5 Legislation Concerns for Low Voltage Integrators in 2022

Integration companies are already fighting the tight labor market, inflation and the supply chain, but there are legislative and regulatory issues for 2022 that could also affect their business. Chris Heaton of the Electronic Security Association (ESA) pinpointed five areas of legislation concern for the year.

1. Increased Hourly Wage Minimums

As inflation continues, we expect to see a sharp increase in legislation at all levels of government to increase the minimum wage. This of course not only impacts the workers at the lower wage scales, but it will force employers to proportionately increase the wages of all other workers, which will put further pressure on pricing to consumers.

Workforce participation levels are still below 2019 (pre-pandemic) levels, so wages are dramatically higher anyway because of natural supply and demand forces (for labor).

2. More Paid Leave Allowances

Paid leave legislation was rampant during the height of the pandemic as legislators wanted to provide state-level assurances that employees could take paid leave for themselves or their families. This legislative trend was evident before COVID and we are now seeing a resurgence of bills that provide widely available and generous paid leave for employees. In some cases, this paid leave would apply to all employers who have one or more employees.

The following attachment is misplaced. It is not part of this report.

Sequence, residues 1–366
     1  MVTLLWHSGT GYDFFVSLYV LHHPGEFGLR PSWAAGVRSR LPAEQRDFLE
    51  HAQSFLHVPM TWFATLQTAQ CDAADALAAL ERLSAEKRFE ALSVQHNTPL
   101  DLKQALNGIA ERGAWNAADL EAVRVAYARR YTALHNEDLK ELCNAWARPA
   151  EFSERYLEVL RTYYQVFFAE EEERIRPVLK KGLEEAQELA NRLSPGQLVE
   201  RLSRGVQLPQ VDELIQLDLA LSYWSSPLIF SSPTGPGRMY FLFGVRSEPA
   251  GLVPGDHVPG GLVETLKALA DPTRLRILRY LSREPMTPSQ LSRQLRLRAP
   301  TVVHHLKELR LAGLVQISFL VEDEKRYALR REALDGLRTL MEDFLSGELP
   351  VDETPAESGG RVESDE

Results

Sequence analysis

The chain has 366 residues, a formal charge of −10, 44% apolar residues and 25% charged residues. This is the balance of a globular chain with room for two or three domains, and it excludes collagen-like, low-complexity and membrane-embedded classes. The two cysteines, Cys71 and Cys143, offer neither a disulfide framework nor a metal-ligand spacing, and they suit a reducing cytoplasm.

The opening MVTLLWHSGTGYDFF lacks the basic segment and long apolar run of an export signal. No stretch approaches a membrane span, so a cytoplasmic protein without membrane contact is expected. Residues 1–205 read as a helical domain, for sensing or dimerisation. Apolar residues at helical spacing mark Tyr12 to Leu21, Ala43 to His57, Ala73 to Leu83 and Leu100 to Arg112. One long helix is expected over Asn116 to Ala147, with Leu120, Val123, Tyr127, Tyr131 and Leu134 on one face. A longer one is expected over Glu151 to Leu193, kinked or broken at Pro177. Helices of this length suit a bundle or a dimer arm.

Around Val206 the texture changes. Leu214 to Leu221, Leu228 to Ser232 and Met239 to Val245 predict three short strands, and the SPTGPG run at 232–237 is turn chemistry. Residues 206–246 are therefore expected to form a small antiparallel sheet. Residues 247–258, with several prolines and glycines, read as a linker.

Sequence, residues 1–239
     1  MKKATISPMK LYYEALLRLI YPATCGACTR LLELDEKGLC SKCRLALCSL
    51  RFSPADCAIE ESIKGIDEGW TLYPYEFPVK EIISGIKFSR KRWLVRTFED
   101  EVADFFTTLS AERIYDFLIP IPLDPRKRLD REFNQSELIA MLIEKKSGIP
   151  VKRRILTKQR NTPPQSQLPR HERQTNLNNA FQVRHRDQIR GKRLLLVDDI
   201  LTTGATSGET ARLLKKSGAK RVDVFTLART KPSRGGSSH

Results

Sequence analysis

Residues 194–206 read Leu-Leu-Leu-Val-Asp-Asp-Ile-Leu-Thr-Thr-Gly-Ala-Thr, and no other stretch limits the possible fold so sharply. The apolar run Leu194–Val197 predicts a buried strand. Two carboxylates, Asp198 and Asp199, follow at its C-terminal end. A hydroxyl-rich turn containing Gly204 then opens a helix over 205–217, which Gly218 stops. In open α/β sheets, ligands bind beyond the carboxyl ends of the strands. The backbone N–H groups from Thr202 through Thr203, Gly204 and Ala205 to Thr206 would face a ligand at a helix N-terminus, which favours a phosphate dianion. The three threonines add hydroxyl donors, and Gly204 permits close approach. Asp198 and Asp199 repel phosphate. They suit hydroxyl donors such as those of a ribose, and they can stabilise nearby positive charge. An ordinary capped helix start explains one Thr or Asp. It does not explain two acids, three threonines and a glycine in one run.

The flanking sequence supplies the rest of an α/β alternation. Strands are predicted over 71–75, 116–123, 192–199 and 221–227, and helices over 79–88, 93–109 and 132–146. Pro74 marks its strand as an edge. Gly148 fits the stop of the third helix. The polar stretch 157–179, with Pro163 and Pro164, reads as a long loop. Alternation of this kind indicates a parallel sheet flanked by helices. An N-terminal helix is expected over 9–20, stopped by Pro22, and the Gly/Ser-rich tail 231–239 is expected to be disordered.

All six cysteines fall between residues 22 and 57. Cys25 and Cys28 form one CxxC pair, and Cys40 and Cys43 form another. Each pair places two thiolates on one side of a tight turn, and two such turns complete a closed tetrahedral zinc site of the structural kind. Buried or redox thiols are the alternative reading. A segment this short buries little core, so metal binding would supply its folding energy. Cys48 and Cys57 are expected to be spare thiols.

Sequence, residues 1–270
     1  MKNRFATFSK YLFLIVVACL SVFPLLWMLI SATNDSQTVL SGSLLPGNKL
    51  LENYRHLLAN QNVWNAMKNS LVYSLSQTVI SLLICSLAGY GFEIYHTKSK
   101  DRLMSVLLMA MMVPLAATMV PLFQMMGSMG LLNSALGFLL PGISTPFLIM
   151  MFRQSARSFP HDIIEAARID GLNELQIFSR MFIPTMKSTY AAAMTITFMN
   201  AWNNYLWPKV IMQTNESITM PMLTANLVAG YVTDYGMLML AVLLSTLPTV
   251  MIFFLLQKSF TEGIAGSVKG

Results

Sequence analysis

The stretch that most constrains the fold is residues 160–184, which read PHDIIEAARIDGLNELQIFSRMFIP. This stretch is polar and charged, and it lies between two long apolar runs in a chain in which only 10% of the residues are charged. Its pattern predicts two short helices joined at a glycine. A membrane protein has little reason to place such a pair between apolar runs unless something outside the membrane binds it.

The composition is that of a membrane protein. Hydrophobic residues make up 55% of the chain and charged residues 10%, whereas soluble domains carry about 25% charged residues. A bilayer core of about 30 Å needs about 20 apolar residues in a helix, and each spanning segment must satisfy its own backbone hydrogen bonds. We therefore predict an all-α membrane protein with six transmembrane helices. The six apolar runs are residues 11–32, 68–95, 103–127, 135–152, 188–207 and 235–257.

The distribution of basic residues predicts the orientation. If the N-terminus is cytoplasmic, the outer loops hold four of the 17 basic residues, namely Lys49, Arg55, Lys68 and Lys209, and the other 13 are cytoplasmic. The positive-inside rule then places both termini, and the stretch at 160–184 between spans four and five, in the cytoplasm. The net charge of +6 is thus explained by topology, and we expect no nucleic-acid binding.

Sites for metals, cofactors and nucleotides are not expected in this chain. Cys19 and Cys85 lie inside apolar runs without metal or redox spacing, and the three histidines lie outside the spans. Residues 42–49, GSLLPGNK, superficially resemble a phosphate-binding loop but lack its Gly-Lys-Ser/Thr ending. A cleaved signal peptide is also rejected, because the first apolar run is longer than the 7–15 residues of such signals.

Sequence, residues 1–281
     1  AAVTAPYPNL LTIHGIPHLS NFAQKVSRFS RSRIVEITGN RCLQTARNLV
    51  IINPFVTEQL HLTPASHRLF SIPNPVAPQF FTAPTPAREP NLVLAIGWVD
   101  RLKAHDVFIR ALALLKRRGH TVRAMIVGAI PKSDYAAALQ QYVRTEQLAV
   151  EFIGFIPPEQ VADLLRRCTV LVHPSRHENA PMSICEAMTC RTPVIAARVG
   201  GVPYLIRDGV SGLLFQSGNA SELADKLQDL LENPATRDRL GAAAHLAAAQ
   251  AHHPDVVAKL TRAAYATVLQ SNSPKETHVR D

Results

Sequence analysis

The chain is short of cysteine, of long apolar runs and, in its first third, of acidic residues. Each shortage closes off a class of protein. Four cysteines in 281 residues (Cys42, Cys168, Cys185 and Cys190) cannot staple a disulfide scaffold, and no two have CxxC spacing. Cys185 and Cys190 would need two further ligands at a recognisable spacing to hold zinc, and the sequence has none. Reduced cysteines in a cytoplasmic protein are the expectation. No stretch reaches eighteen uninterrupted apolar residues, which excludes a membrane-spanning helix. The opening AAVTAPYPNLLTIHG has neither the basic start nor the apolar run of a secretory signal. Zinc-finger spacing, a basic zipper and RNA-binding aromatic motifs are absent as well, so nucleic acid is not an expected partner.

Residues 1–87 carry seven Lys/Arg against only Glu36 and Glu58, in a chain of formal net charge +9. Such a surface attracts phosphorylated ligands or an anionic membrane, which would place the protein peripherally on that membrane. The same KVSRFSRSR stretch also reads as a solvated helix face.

3. Potential Laws on Limited Energy/Low Voltage Licensing

Maryland and the City of Houston are the two most recent examples where electrical contractors and unions have made serious efforts to control the licensing requirements of limited energy and low voltage integrators. Unfortunately, they will not be the last as electrical contractors continue to feel the threat to their traditional scope of work model.

Power over Ethernet (PoE) is changing the way lighting, sound, communication, video, access control, and a host of other powered products are used. This is a serious threat wherever it emerges, and we stand ready to confront it.

4. Union Requirements for Public Works Contracts and Project Labor Agreements

Some states and the federal government (under the current administration) will continue their push for labor union-friendly rules regarding public works contracts and project labor agreements. These bills are generally designed to shut out any merit-based contractors from participating in the bidding process for state or federal construction projects. These rules ignore the competitive spirit that should drive all public works projects.

5. Progressive Election Year Curve Balls

Since 2022 is considered a “mid-term” election year, we expect to see many federal bills being introduced that are designed to get members of Congress re-elected. What these bills would do — and how the results impact low voltage integrators — depends entirely on the political demographic of the bill sponsors.

We expect progressive members of Congress will push for more progressive issues like expanding worker empowerment and higher corporate accountability in the workplace. What bills get traction and move would be virtually impossible to predict with the very tenuous majority that Democrats have in the Senate. The 2022 elections will make that dynamic even more interesting to watch.


*Originally published on CEPro.com*